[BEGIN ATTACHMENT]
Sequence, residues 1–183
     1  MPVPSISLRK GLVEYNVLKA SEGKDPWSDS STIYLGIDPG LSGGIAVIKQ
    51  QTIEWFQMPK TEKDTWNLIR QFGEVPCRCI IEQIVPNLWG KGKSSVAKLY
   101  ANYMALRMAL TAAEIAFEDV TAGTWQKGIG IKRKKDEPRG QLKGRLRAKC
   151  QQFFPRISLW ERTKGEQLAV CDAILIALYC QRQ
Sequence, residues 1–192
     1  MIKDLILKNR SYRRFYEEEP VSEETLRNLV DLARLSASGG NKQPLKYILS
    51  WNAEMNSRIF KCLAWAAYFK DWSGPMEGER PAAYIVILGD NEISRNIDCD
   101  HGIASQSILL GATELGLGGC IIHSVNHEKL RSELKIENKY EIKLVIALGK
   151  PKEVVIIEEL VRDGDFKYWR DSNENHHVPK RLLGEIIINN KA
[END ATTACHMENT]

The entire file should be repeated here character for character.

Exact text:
Sequence, residues 1–183
     1  MPVPSISLRK GLVEYNVLKA SEGKDPWSDS STIYLGIDPG LSGGIAVIKQ
    51  QTIEWFQMPK TEKDTWNLIR QFGEVPCRCI IEQIVPNLWG KGKSSVAKLY
   101  ANYMALRMAL TAAEIAFEDV TAGTWQKGIG IKRKKDEPRG QLKGRLRAKC
   151  QQFFPRISLW ERTKGEQLAV CDAILIALYC QRQ
Sequence, residues 1–192
     1  MIKDLILKNR SYRRFYEEEP VSEETLRNLV DLARLSASGG NKQPLKYILS
    51  WNAEMNSRIF KCLAWAAYFK DWSGPMEGER PAAYIVILGD NEISRNIDCD
   101  HGIASQSILL GATELGLGGC IIHSVNHEKL RSELKIENKY EIKLVIALGK
   151  PKEVVIIEEL VRDGDFKYWR DSNENHHVPK RLLGEIIINN KA